Geoffrey Moore famously described a chasm between the earliest adopters of a technology and the mass market. Early adopters buy a technology to gain some radical advantage, later adopters want an easy-to-use clearly defined product that serves a clear purpose. Your early adopters will want to maintain their advantage by pushing you to make the product ever more capable and complicated, but that is not a way to cross over to the mass market. Instead, to cross the chasm, businesses often need to make their products easier to use, at some cost of their specialness and connection to early customers.
A prime example is how once internet-only brands, like Warby Parker, have opened up stores, changing their entire business model. They do this to cross the chasm - the mass market doesn’t buy glasses on the internet, they don’t want quirky styles, and they want a full service solution. Crossing the chasm requires a different approach.
Many of the AI companies seem to understand this, and the competitive pressure of being in an Era of Ferment (see Reason 2) is pushing them to consider customers from the start. As a result, many key players are purposefully making their products easier to use, at the expense of upsetting their early customers. For example, the new version 4 of MidJourney, the drawing AI, moves away from the elaborate prompts that expert users loved, and to simple “it just works” style prompting.
This will help AI achieve a mass market much more quickly, as they are aiming for non-sophisticated users early in the process. Combined with the fact that there are many competitors all learning through MVPs, and the rapid increase in capability, the stage is set for AI to win.
You need to try it to believe
I think these three strategies mean that creative AI is coming faster than most people expect because it has solved key business problems that stop adoption, not just the technical ones that have always plagued AI. I want to write more about those implications in the future, but for now, I want to ask you to try AI for yourself and see if you believe me.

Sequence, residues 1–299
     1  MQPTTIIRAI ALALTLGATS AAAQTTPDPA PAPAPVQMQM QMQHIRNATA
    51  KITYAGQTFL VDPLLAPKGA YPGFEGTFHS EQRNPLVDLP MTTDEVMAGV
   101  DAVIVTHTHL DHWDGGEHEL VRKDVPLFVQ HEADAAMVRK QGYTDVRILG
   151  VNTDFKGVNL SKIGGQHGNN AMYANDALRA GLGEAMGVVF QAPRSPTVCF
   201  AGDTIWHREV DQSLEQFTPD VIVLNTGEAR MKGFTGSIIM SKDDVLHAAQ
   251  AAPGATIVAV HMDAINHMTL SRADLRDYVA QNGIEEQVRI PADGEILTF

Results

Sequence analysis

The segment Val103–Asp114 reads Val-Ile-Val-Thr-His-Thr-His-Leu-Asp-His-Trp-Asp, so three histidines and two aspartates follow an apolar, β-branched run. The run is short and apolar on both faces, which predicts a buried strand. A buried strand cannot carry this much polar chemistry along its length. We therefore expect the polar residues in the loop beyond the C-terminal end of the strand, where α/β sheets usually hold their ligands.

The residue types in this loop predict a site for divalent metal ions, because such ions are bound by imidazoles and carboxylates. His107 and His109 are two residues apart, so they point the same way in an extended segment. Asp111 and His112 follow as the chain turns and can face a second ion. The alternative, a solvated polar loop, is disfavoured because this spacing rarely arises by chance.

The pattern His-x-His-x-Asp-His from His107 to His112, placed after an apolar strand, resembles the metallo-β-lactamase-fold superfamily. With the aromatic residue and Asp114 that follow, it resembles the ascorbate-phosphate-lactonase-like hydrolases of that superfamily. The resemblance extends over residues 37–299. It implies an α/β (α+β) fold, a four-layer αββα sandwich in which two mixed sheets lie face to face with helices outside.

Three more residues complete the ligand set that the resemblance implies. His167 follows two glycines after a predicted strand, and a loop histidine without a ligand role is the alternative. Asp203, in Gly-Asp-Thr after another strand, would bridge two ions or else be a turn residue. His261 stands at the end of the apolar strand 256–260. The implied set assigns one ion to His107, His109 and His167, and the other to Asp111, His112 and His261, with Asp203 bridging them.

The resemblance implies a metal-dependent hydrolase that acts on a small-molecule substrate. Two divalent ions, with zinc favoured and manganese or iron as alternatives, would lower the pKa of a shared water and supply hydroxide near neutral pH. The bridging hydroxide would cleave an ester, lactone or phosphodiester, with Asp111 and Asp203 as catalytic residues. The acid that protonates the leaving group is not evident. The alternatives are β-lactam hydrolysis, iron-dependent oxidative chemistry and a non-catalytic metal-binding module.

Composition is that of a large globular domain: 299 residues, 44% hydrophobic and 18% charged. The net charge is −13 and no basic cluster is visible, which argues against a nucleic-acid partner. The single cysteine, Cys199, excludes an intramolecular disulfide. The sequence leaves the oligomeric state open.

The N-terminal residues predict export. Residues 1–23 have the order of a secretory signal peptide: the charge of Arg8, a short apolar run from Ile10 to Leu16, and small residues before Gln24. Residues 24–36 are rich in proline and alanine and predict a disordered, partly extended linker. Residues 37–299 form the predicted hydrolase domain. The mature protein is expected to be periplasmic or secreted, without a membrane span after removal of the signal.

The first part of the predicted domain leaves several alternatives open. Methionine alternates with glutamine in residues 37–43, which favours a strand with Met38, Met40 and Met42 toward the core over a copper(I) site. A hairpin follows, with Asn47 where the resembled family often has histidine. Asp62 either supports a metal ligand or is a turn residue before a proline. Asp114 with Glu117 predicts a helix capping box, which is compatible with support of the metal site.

Trying MidJourney for images is free. Setup is easy and anyone can get access here: https://midjourney.com. You use it by communicating with a bot, on Discord. Here is a guide to Discord. Then all you need to do is type /imagine and whatever you want. To get good results, you will need to use the new version, v4. To use v4, simple add “ --v 4” to the end of your prompt (yes, you need to include two dashes before the v, a space after the v, and then the number 4). You can write about what you experienced in the comments!
Trying AI generated text is even easier. Go to https://beta.openai.com/playground, it is free to create an account and play with the system. Set the model to da-vinci-03 (which should be the default), and try asking the system for anything. I think you will be impressed. Feel free to share your results in the comments.
Update: You should really try ChatGPT instead: https://chat.openai.com/chat
I really believe that we are about to see major changes in how many people work as a result of creative AI. And I don’t think we are all ready for what that means.